The Galapagos has many amazing animals. Many have adapted to the environment. They have gotten smaller, bigger, more curious, and many more things. After Charles Darwin visited the islands in 1835, he came up with his theory of natural selection by noticing the unique adaptations many animals in the Galapagos had made over millions of years.
The Galapagos sea lion is called the Galapagos sea lion instead of just a sea lion because it has adapted to the environment of the Galapagos. They are most common on the island of San Cristobal and mostly eat sardines. They have adapted to be tamer because they have no enemies in the islands. They are also smaller, and more curious than sea lions on the mainland.
The marine iguana has adapted to the environment of the Galapagos by learning to spit out the salt that they ingest. They also have black skin to absorb more heat and to hide in the black volcanic rocks, have a flat tail to help them swim, and have sharp teeth to scrape the algae off the rocks to eat. They are most common on the island of Isabella.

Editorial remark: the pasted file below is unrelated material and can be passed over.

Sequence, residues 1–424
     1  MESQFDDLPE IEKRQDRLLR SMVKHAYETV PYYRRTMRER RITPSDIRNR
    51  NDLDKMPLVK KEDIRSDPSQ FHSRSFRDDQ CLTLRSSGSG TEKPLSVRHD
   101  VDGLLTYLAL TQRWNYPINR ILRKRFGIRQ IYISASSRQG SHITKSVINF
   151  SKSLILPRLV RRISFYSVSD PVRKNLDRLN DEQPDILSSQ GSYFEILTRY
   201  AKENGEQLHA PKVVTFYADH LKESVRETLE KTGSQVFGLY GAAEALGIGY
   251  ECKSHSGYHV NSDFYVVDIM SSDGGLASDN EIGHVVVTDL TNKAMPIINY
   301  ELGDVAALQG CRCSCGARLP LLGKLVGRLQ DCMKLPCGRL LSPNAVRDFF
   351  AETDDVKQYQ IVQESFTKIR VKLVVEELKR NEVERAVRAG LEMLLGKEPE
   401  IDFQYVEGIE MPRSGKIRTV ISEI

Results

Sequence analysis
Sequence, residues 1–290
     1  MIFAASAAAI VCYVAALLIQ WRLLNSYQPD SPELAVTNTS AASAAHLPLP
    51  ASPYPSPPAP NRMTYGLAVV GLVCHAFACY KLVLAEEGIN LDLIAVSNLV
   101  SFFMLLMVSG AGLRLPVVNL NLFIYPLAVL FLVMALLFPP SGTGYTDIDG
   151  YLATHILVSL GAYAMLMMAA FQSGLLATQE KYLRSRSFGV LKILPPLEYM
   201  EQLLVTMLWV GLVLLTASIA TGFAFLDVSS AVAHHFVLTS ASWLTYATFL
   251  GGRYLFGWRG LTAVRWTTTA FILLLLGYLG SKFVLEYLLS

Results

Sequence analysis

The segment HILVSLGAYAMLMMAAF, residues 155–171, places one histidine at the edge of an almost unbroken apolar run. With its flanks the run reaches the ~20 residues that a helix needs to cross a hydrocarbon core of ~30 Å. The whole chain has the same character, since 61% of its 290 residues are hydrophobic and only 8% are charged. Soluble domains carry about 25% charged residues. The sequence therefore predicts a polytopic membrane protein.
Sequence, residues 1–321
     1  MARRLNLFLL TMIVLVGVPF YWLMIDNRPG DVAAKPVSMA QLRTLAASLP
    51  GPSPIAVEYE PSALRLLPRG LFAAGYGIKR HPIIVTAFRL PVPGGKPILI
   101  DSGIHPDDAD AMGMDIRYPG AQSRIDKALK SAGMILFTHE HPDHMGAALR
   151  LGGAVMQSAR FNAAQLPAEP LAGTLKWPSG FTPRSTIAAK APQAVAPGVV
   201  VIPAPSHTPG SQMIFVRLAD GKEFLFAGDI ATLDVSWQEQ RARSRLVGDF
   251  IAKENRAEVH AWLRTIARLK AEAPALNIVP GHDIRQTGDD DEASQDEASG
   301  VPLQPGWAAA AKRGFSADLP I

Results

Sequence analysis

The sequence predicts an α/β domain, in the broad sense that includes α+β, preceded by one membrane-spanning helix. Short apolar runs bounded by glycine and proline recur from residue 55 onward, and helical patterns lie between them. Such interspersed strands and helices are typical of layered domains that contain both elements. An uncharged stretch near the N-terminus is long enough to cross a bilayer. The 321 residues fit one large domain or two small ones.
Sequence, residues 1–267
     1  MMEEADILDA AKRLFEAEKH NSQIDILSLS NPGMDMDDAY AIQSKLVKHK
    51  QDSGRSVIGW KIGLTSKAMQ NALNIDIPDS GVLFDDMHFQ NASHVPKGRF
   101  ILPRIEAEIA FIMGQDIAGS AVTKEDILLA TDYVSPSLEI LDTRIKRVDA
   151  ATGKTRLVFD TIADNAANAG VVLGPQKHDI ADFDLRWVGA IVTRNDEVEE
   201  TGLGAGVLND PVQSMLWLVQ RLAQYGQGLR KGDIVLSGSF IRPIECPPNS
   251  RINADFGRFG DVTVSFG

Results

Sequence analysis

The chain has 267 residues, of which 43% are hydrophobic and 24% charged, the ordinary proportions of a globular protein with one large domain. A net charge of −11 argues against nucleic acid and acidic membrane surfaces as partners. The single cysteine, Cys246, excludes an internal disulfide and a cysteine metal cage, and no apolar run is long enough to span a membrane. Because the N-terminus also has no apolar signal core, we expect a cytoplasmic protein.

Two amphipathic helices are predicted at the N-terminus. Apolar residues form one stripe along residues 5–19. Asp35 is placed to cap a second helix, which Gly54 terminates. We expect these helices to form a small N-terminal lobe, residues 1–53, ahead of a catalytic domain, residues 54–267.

The sea turtle has adapted to have flippers to swim which is why they are called sea turtles and not just turtles, and they can regulate body temperature faster that any other animal in the Galapagos. They are most common on the island of Santa Cruz and eat sea algae (algae under the sea), sea lettuce, and yellow fish.
I hope that you liked this little introduction to some of ways animals can adapt to various conditions
by Davy Vogel